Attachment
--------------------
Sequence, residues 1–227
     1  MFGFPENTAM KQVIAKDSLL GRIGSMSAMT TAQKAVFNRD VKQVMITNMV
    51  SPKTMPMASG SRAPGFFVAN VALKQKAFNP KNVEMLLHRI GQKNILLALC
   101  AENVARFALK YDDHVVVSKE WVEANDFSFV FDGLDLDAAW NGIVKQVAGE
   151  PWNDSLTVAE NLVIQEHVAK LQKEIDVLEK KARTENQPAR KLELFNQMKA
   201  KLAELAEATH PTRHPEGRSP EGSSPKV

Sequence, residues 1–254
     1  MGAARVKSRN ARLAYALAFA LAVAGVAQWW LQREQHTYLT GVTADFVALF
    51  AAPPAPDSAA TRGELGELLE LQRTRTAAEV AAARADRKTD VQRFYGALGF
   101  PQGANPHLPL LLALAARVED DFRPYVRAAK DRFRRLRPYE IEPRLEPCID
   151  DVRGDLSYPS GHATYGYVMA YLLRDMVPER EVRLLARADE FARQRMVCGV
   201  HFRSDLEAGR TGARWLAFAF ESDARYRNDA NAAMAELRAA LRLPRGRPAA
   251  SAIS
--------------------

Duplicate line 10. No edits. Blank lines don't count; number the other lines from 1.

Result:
   101  PQGANPHLPL LLALAARVED DFRPYVRAAK DRFRRLRPYE IEPRLEPCID